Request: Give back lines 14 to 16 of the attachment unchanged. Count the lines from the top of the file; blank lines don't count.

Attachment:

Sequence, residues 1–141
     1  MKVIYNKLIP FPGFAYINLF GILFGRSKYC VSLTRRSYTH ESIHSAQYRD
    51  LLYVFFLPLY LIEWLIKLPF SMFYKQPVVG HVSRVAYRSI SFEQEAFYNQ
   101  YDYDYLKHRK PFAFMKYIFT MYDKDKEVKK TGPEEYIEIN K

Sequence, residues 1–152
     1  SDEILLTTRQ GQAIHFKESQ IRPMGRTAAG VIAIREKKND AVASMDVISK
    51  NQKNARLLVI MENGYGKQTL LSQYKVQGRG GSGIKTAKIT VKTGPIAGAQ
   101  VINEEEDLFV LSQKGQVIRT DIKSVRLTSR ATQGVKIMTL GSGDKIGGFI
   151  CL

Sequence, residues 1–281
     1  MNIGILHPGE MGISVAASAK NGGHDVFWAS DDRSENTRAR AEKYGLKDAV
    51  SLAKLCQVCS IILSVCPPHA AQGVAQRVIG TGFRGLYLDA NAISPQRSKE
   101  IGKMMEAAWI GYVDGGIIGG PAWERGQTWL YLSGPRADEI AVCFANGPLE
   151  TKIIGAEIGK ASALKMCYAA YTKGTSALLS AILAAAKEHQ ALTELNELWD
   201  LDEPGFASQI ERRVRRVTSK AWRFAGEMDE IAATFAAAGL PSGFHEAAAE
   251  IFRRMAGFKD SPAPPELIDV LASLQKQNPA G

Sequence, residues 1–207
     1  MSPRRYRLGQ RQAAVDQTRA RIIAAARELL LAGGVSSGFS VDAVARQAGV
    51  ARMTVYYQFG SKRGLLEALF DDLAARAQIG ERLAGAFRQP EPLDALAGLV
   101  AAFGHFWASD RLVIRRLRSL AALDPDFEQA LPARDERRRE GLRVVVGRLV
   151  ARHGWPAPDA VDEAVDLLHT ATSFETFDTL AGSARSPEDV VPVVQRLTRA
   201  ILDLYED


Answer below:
   151  TKIIGAEIGK ASALKMCYAA YTKGTSALLS AILAAAKEHQ ALTELNELWD
   201  LDEPGFASQI ERRVRRVTSK AWRFAGEMDE IAATFAAAGL PSGFHEAAAE
   251  IFRRMAGFKD SPAPPELIDV LASLQKQNPA G